Greetings! In this edition of The KT, I would like to write about a topic that is swirling around the conversations of Peer Support Coordinators, Mental Health Professionals, and the behavioral wellness community in general. I am talking about resiliency.

Webster defines resilience as, “the capacity to recover quickly from difficulties; toughness.” Firefighters are tough. We walk into burning buildings, operate heavy equipment, perform life-saving measures, and are exposed to a great deal of physical strain. We spend months and years of our lives training so that, when the call comes in, we are ready to jump into action.

But what about the mental strain? Do we have psychological resilience? Psychologists define psychological resilience as, “…resilience that exists in people who develop psychological and behavioral capabilities that allow them to remain calm during crises/chaos and to move on from the incident without long-term negative consequences.” Are we spending months and years of our lives training to be mentally prepared for what we see and are exposed to? Do we even know how to train for it? Take a closer look. It says, “people who develop.” This means that we can acquire, improve, or build on this resiliency that will help us in coping with the stressful, sometimes horrific things that we are exposed to from shift to shift.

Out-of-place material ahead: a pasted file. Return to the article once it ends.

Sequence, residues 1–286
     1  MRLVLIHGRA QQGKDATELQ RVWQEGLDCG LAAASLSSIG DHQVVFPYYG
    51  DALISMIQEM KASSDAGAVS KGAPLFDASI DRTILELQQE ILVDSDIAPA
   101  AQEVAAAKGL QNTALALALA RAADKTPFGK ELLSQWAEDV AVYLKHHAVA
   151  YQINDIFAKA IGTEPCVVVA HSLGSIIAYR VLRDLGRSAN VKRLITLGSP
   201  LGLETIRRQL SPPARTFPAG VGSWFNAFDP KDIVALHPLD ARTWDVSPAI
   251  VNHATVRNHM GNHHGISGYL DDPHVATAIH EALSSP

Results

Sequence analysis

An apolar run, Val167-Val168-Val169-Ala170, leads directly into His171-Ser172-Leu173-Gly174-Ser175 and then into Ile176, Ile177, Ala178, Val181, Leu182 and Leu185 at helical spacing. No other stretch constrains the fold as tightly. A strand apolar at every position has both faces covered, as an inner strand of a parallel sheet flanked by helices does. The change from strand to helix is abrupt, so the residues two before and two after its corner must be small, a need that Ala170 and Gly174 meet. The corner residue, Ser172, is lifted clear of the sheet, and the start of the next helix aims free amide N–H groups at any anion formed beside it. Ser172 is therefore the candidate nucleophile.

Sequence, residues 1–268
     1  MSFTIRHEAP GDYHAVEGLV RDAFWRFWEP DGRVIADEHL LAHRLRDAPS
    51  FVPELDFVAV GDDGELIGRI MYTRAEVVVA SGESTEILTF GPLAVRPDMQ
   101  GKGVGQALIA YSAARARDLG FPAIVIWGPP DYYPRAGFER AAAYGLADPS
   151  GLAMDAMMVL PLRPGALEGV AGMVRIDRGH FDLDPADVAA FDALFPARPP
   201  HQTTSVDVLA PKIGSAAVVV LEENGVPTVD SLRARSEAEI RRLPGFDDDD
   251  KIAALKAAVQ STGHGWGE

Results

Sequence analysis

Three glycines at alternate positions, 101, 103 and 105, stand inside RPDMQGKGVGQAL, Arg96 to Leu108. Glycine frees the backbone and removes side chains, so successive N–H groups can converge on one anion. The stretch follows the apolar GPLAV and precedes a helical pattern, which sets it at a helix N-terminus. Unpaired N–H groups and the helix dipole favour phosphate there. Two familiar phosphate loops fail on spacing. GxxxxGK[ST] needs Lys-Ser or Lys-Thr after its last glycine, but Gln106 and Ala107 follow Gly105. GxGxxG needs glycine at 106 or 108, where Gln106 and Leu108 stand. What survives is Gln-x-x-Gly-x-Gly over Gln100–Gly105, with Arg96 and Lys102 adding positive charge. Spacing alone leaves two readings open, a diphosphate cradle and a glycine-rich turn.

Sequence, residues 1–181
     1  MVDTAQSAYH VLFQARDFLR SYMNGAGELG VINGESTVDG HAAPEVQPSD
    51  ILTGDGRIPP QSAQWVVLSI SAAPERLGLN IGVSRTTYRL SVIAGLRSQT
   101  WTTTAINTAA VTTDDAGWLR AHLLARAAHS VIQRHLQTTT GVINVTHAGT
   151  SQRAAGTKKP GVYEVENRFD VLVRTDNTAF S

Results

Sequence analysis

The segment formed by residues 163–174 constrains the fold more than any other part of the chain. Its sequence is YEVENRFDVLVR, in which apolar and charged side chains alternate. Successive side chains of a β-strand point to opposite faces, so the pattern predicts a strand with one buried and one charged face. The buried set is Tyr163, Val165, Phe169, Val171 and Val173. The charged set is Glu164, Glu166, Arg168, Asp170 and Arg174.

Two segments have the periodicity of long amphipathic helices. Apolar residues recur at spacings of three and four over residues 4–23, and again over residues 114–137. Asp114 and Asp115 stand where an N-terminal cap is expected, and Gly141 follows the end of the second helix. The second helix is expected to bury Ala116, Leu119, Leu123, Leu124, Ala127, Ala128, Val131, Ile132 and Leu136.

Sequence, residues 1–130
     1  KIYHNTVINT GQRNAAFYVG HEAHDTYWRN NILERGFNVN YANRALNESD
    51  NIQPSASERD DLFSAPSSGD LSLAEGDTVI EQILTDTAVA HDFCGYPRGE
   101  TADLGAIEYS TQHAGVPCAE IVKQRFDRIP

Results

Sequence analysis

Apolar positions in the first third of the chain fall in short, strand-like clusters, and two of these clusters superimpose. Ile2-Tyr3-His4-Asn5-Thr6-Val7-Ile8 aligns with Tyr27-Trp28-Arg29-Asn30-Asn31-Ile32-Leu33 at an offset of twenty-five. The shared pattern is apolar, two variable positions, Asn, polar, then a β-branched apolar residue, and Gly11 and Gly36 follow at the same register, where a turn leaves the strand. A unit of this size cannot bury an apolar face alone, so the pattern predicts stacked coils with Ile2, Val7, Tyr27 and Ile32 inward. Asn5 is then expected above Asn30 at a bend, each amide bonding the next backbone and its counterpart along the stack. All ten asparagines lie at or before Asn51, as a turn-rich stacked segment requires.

So, how do we build resilience? In researching this concept, I have come across quite a few different theories or plans. One that I think applies to our walk of life is from Dr. Naomi Baum. She breaks down how we can build resilience into four steps.

Step One:

Self-awareness and understanding of your own stress level. To start, take an inventory of your stress level. What stresses do you have in your life? Check out where your stresses occur. Are they mostly at work? At home? Somewhere else? Of course, none of this will change the stresses in your life, but mapping them out can help you become more aware of what is going on in your life and examine what you might change and what you cannot.

Step Two:

The second step in building resilience is learning how to communicate. Learning how to reach out and talk to family members about how you are feeling and what is going on in your life and learning to listen to them can go a long way toward strengthening existing social networks. Firefighters often have difficulty sharing their work life with their life partners. They often feel that nobody outside of the station house can actually understand them. Learning how to break down those barriers and share with the important people in your life can create a sense of support that is invaluable.

Step Three:

Examining how you normally cope with stress and adversity and expanding on those existing strengths and resources comprise the third step in resilience building. What do you do when the going gets tough? Most people have a preferred method of dealing with stress or hard times. For some, it is physical like going for a run or taking a bath. For others, it may be reaching out to a friend. Some get lost in a book or watch a movie. Trying out new ways of coping and finding new hobbies and activities that you enjoy are important steps in resilience building. The more resources you have at your fingertips, the better off you are. Beware of the quick fix of alcohol or drugs. Often, the use of alcohol or drugs quickly turns into abuse and further exacerbates existing problems.